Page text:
Cell Features

13/09/2010 § 1 Comment

To state it very frankly, cells are one-one-hundredth of a millimeter. 1/100. Of a millimeter. The cells that make our bodies, the cells that form every single living organism on this earth are very small and they are puny in size for a reason.

When we say our bodies need nutrients, in reality, the cells need nutrients and the food we consume so that they can turn it into energy. I think that basically, our cells do all the work for us. We as humans in spirit and soul … don’t do much and the cells are the ones who are chemically changing everything we put in our bodies into energy for them to use.

To get these nutrients, however, the cells have to be small so that food and nutrients don’t have a difficult time to get around the surface area of each individual cells and won’t have a hard time entering the cell. In class, we watched an animation of a small cell obtaining the necessary demand of nutrients because it had a large surface area – volume ratio.

Now, if an object has a large surface-area – volume ratio, it means that the surface area is larger than its volume. I think, because I’m not so clear with this part of the lecture, this means that many nutrients have a lot of space and many chances to get inside the cell, but because of the small volume, it’s very easy for them to get to the middle of the cell. I mean, that’s how I think about it in terms of the Peter-in-the-classroom and Peter-in-the-gym analogy. Peter can get into the class through the wide windows, through the many doors and if he wanted, he could break through the floor or the ceiling but because the volume isn’t as large as the gym, the classroom’s surface-area – volume is greater than the gym’s. It’ll be easier for him to get to the middle of the classroom because there isn’t as much space he’ll have to travel.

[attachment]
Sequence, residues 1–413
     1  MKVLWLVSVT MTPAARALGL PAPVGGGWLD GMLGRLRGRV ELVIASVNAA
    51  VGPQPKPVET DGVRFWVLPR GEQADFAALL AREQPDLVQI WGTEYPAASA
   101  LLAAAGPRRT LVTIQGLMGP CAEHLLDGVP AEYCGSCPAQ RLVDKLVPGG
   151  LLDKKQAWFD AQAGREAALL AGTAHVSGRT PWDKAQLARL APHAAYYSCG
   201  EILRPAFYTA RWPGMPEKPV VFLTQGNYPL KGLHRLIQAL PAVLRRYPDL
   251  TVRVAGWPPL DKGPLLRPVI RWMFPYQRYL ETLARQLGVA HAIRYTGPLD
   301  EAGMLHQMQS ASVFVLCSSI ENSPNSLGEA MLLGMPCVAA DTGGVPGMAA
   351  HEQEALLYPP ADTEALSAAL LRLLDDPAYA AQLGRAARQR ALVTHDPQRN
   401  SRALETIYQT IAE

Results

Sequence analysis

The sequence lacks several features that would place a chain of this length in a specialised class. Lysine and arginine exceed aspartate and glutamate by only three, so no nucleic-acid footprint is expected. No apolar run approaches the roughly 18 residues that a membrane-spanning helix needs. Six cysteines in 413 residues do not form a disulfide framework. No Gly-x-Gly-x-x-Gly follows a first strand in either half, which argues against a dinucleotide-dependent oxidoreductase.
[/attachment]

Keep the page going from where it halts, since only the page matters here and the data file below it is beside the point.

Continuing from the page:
[It’s like the cube. There are 6 sides on the cube. The surface area for one side is 1, let’s say. This means that (if my math is correct), the total surface area is 6 units. If one side is 1 unit in length, then the volume must be (1 x 1 x 1) 1. The ratio is then (surface area ÷ volume) 6. (6 ÷ 1 = 6). Whereas if the cube is bigger and one face is 4 units in area, then the total surface area is 24 units. Then, the volume (lwh) is 4³ = 64. So, the ratio is (24 ÷ 64) 0.375. That’s very small.]

Basically, if the cell is too big, then it’s hard for the nutrients and substances to get to the middle of the cell, to be given to the ribosomes, mitochondria and other organelles that need them.

We also learned about prokaryotes and eukaryotes and were told that we could compare the two to bicycles and cars. Prokaryotes which are the oldest types of cells, are single-celled, don’t have nuclei and membrane-bound organelles, and are only about 1 to 10 µm in size, are the bicycles. They are of older class and are somehow more antique and limited.

Eukaryotes however, are the cars. They do have nuclei, they have many organelles and can go up to 1000 µm in size. They can be compared to cars because they’re more advanced, they’re bigger, do more than just ring a bell on the pavement while the user pedals, and can travel a lot faster.

We learned a little bit about bacteria and how they’ve evolved throughout the ages. (The ones that survived antibiotics are the ones that go on and continue their genetics.) We also learned that bacteria multiplies by using binary fission and can multiply by thousands in an hour.

Finally, we were reintroduced to the concept of phospholipids (a type of lipid made out of one phosphate group and two fatty acids, and as a result, they make little jelly-fish-looking lipids) acting as an important role in a cell’s structure. They form the cell’s cell membrane. I think, throughout the entire class, this was probably the most vital information to relate to our essay question. The phospholipids have double personalities. One side, the phosphate side (the head, say), actually likes water and is polar. The other, the fatty acids, are hydrophobic and the result of these two different preferences cause the phospholipids to act like magnet, forming walls that look like this (very roughly like this):


Basically. And I think this type of structure can actually show you that they make a kind of boundary, like a castle’s wall and keeps unwanted things and substances out of the castle or cell. Also, the many proteins that cover the cell membrane are like the knights who manage what goes in and goes out of the castle or cell, making sure only the right substances and right nutrients come in. All in all, I can see that from what I can see in the phospholipids’ structure, because they form a wall, I know that that’s part of their function, to act as a protective wall for a cell.

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